Eight years ago, I jumped into the workforce as a brand new mama.  New city, new baby, new career and new master’s degree hot off the press.  As a bright eyed, idealistic nurse practitioner out to save the world, I had no clue what I was getting myself into.  I just wanted to help kids.  (Also, I wanted our family to have food and shelter while my husband went to seminary.  That was also kind of vital.)

It took approximately zero time for my bright eyes to become glazed over as I realized that working + being a mom + being a wife + being all of the other things was no walk in the park.  It was hard.  And I felt alone.

So, for years, I whined about it.  I complained.  I became fixated on all of the stay-at-home moms at church who did it all- who had playdates in the mornings while I worked and who hung out in the evenings when I could hardly function- and I became bitter.  My thoughts arced inward, solely focusing on my own sorry self.  How I felt.  How I was drowning.  I felt isolated.  Self-centeredness seems to do that to you.  Every single time.

Had I been willing to look out rather than constantly gazing within, I would have seen reality.  I would have noticed the tribe of women surrounding me navigating careers and motherhood with a whole heck of a lot more grace than I was.  I could have listened to their stories, their wisdom.

Or, you know, maybe I would have seen the women drowning right next to me.  Flailing their arms.  Gasping for a breath.  Maybe I could have pointed them to shore on those rare days I could actually catch a glimpse of it.  Or at least given them the head nod of solidarity.  The look of “Girrrrl, I KNOW.  I’m right there with you.”

A few weeks ago, I attended an event at my church that my friend, April, had spent months planning and promoting.  They called the event “Women in the Workplace”, and the discussion that followed centered on just that.  How do we, as women, navigate careers, families, and church well?  What do we do when it feels hard?  Is “doing it all” even a thing, or is it some mythical creation of our minds?  How does the gospel intersect with our work?

Y’all, it was phenomenal.  The wisdom shared from the panel discussion was so rich, and the connections I made that morning were God-appointed.  However, you know what was the absolute best?  Looking around the room and seeing heads nod.  Because, finally, there was a community gathered to acknowledge that, “Man, this is really flippin hard some days. But this is what we’ve learned.”

I came home encouraged.  Really encouraged.  But I also came home convicted.  Really seriously convicted.

Do you know why there were 50+ women at church early on a Saturday morning?  Why I was able to be the recipient of such wisdom and experience?  Why dozens of women, desperate to live out their faith in their workplaces, nodded their heads in unison as they finally felt heard and understood?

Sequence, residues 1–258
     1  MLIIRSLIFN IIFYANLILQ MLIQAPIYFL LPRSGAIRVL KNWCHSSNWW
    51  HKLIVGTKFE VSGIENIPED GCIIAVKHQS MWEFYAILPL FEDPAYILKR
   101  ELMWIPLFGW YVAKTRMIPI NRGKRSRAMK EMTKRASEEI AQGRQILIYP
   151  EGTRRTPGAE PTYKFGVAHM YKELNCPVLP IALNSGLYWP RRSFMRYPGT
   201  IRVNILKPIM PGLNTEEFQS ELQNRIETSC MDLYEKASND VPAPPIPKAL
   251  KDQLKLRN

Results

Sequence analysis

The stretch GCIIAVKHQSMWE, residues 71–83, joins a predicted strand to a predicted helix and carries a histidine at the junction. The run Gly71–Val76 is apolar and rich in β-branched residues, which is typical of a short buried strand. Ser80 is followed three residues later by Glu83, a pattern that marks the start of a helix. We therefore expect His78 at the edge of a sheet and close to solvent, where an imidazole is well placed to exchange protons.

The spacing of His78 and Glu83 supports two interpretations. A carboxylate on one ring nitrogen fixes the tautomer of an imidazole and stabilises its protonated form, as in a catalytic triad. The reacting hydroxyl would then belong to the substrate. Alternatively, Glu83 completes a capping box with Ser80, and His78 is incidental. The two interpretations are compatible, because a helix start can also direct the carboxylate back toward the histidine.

Why?  Because my friend felt many of the same things when she jumped into the workforce as a mom and wife.  Like me, she thought it was really hard to balance it all.  Like me, she felt alone.  But UNLIKE me, she did something about it.  I moped and complained.  She gathered people.  I looked within.  She looked to others.

This happens all the time, right?  We see holes, gaps, and areas of need, and we wait for the fixers and doers to show up.

We hope for a more vibrant women’s ministry.

We wish our kid’s ministry would just offer x, y, and z.

We just don’t understand why our church doesn’t seem to do this or care about that.

But the truth is, while we’re standing around sighing about the problems we see and the change we desire, we don’t even pause to think that WE may very well be the fixer we’re anxiously awaiting.  We tap our impatient little feet waiting for someone to hear us out, grab ahold of our passions, and get ‘er done while we refuse to put our own feet to the pavement and start doing it ourselves.

Am I just preaching at myself here?

Whatev.  While I’m getting all preachy, I have one final word to all of you church people out there.  Heeeey.  K, listen.  Pastors are great.  And they do a lot.  I’m married to one- I KNOW.  But you wanna know a little secret?  They can’t do everything.  And for many of them, it’s hard to come to terms with this.  So when you approach them with an idea that gets you all fired up with excitement, don’t leave their office in a tizzy if their response is, “That’s awesome! You do it, and we’ll help!”  No.  Because often, the best leaders are those who empower and equip others to go out and lead well.  Be grateful you have such a leader.

So, dear friends, I end with this sage piece of advice: don’t be like me.  Don’t be a grump and sit around wishing for things to change.  Do something about it.  Put in the hard work.  The blood, sweat, and tears.  Because that’s precisely when the exciting things happen.  And it’s where the beauty of the body of Christ, with all of its different pieces and parts and giftings and talents and passions, becomes most evident.

(Plus, no one likes whiners.  There’s that, too.)

women in the workplace

photo cred: Ashley Gormon

4 Comments on Dear church people, stop whining and do something. (Or, don’t be like me.)

  1. Great article, Catherine! I hate that I missed this event. As one of those women who was a “stay-at-home” mom, believe me, we were wondering how the working moms somehow did it all, while we felt we had accomplished something wonderful if we got a shower and didn’t have boogies on our clothes! I love your point of taking the thing we feel passionately about the church doing and considering that this may be God calling US to that particular thing.

    • Thank you, Felicia! It’s funny how, no matter our season or position, we so often look to our right and left to compare and try to measure up. Slowlllly learning as I go. 🙂

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